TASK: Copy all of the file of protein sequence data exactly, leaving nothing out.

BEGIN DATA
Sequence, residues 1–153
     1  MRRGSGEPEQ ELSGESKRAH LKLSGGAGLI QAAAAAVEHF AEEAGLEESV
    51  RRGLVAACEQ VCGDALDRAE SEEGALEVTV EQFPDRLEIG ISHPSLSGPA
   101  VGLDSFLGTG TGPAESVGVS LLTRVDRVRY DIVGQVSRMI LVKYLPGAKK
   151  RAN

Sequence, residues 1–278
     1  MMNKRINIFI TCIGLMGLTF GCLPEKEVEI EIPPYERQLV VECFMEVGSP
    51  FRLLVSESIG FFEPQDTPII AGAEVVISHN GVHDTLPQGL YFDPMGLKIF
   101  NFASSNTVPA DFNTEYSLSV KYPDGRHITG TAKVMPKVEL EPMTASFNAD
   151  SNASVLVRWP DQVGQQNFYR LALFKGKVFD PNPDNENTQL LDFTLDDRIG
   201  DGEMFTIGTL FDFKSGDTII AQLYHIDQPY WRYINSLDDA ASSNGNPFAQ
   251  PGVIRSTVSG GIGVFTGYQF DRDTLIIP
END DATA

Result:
Sequence, residues 1–153
     1  MRRGSGEPEQ ELSGESKRAH LKLSGGAGLI QAAAAAVEHF AEEAGLEESV
    51  RRGLVAACEQ VCGDALDRAE SEEGALEVTV EQFPDRLEIG ISHPSLSGPA
   101  VGLDSFLGTG TGPAESVGVS LLTRVDRVRY DIVGQVSRMI LVKYLPGAKK
   151  RAN

Sequence, residues 1–278
     1  MMNKRINIFI TCIGLMGLTF GCLPEKEVEI EIPPYERQLV VECFMEVGSP
    51  FRLLVSESIG FFEPQDTPII AGAEVVISHN GVHDTLPQGL YFDPMGLKIF
   101  NFASSNTVPA DFNTEYSLSV KYPDGRHITG TAKVMPKVEL EPMTASFNAD
   151  SNASVLVRWP DQVGQQNFYR LALFKGKVFD PNPDNENTQL LDFTLDDRIG
   201  DGEMFTIGTL FDFKSGDTII AQLYHIDQPY WRYINSLDDA ASSNGNPFAQ
   251  PGVIRSTVSG GIGVFTGYQF DRDTLIIP